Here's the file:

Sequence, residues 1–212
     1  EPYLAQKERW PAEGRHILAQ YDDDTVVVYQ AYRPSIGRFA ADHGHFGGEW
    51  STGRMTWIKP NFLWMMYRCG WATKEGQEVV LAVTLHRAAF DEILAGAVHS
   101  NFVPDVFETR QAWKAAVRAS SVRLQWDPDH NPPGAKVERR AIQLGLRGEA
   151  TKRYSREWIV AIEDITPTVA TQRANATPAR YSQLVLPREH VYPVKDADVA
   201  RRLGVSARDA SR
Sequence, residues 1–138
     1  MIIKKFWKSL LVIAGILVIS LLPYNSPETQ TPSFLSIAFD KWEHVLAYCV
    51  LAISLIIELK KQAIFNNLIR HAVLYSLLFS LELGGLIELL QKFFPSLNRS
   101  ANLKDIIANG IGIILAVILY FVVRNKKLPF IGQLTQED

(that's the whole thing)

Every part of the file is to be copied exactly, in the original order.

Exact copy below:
Sequence, residues 1–212
     1  EPYLAQKERW PAEGRHILAQ YDDDTVVVYQ AYRPSIGRFA ADHGHFGGEW
    51  STGRMTWIKP NFLWMMYRCG WATKEGQEVV LAVTLHRAAF DEILAGAVHS
   101  NFVPDVFETR QAWKAAVRAS SVRLQWDPDH NPPGAKVERR AIQLGLRGEA
   151  TKRYSREWIV AIEDITPTVA TQRANATPAR YSQLVLPREH VYPVKDADVA
   201  RRLGVSARDA SR
Sequence, residues 1–138
     1  MIIKKFWKSL LVIAGILVIS LLPYNSPETQ TPSFLSIAFD KWEHVLAYCV
    51  LAISLIIELK KQAIFNNLIR HAVLYSLLFS LELGGLIELL QKFFPSLNRS
   101  ANLKDIIANG IGIILAVILY FVVRNKKLPF IGQLTQED